‘Lovable’ director Park Chul-soon traces his creative roots
This is the eighth in a series on up-and-coming Korean filmmakers. ― Ed.
For anyone who has seen Park Chul-soon’s feature debut “Lovable,” a moving portrait of a young girl with Savant syndrome, it wouldn’t be surprising to discover the director full of playfulness.
The 28-year-old’s debut, which won the best screenplay prize at Persons with Disabilities Film Festival this year, is filled with childhood desires and imaginative adventures. Just to name a few, the movie’s young protagonist places her melting snowman in the fridge, throws rice-mixed milk in the air as if the liquid were snow and doodles on each and every wall of her town.
And the making of such a whimsical portrayal was easy to do for Park, because he, too, was one curious child. Almost everything that the film’s main character “Da-seul” does is based on Park’s real-life childhood experiences.
“I was so sad that my snowman was melting away,” Park said during an interview with The Korea Herald in southern Seoul, Friday, with an impish grin. “So my mom put it in the fridge for me. And then I completely forgot about after two weeks. I was reminded that it was still there about a year later. It had just become one chuck of ice, without the initial shape. I felt really bad, so I put it in a bucket and let it melt under the sun. Then I poured the water into my flower pot.”
Park particularly remembers one incident from his childhood, which he still is fascinated by to this day. “A group of my friends killed a lot of frogs just for fun one day,” he said. “I was just there watching them doing it. Many grown-ups would say, oh, they are doing such things because they are children and they don’t know much. But when kids kill those little things, they do it in the cruelest way possible.”
Director Park Chul-soon prior to an interview with The Korea Herald on Friday. (Ahn Hoon/The Korea Herald)
When his friends left, young Park buried the dead frogs by himself and prayed for them. What’s fascinating is, he said, that he went back a few days later and dug up the grave because he was curious how the dead frogs turned out. He saw the decaying frogs, prayed for them, and then buried them again.
“I repeated doing that a several times,” Park said. “And to this day, I have no idea why I did such a thing. The particular incident makes me wonder about childhood innocence and its embedded cruelness, and eventually I wondered about the theory that human nature is fundamentally good. I very often get inspired by my own childhood and some of the powerful, vivid images I saw during the time.”
And his debut film, “Lovable,” is a “letter of apology” to his childhood friend, Park said. He met the friend, who had Savant syndrome, when he was in fourth grade. Though he had an innate difficulty in speaking and learning, the boy was simply exceptional at math, Park remembers. “He would just stare at the questions for a few seconds and write down the answers,” Park said. “And the answers would always turn out to be correct. It was like magic.”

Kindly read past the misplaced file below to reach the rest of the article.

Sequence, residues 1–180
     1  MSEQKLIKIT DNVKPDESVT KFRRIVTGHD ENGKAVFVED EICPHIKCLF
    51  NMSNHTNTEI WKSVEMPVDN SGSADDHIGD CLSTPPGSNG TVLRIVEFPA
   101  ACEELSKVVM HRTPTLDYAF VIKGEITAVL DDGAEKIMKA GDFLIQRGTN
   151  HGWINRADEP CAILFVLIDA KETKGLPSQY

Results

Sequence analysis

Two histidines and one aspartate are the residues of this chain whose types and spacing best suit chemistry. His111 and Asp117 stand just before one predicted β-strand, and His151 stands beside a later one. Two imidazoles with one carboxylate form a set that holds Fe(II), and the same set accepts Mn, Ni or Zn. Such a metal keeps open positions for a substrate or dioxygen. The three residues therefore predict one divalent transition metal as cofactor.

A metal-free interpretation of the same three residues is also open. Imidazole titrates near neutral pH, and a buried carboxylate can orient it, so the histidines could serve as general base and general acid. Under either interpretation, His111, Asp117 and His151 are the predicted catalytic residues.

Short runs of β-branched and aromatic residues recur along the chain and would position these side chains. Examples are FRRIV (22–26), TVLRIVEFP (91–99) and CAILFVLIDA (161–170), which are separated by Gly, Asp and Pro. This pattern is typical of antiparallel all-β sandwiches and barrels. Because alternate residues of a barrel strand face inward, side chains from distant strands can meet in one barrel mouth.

The duo became friends as Park offered to carry the boy’s bag when they happened to walk home together one day. “He was very often bullied at school,” Park said. “I remember visiting his house for the first time. His mother’s voice trembled with so much emotion when she told me to visit any time I wanted, and she’d cook anything I want to eat.”
The betrayal took place when the boys were attending middle school. Park and his friends were following a girl he had a crush on after school that day, and the boy, who wanted to join the group, followed him. “I was embarrassed especially in front of the girl,” Park said. “I told him to get out of my sight with nasty curse words and left. My friends told me that I was “cool” for that. I could hear him sobbing like an animal in pain behind my back. He kept following and I ignored him till the very end. That was the last day of our friendship.”
Park was reminded of the betrayal when he was in high school, as he was all of a sudden bullied by his close friends over a trivial matter.
“The experience and the sense of guilt really haunted me throughout my life since then,” he said. “I had no intention on being vocal about the rights of disabled people when making this movie. It’s just a film. All I want is people to recognize what kids with Savant syndrome are capable of, instead of simply feeling sorry for them.”
Park’s young character is played impeccably by child actress Yoo Hae-jeong. Park lived with Yoo and her family in their Paju house prior to shooting the film. The two took many jaunts to the zoo, as it was Yoo’s favorite place. “I reminded her of the body movements of certain animals when giving her directions,” Park said. “The way she repeatedly shakes her back in the movie is similar to what gibbons do in real-life.”
Park is planning to make a noir thriller for his next film. “If we human beings were a rainbow, I think we only get to show two of our seven colors throughout our lives,” he said. “Perhaps we repress them, or we don’t want to show them. But I want to show them all ― all seven of them ― through my movies.”
By Claire Lee (firstname.lastname@example.org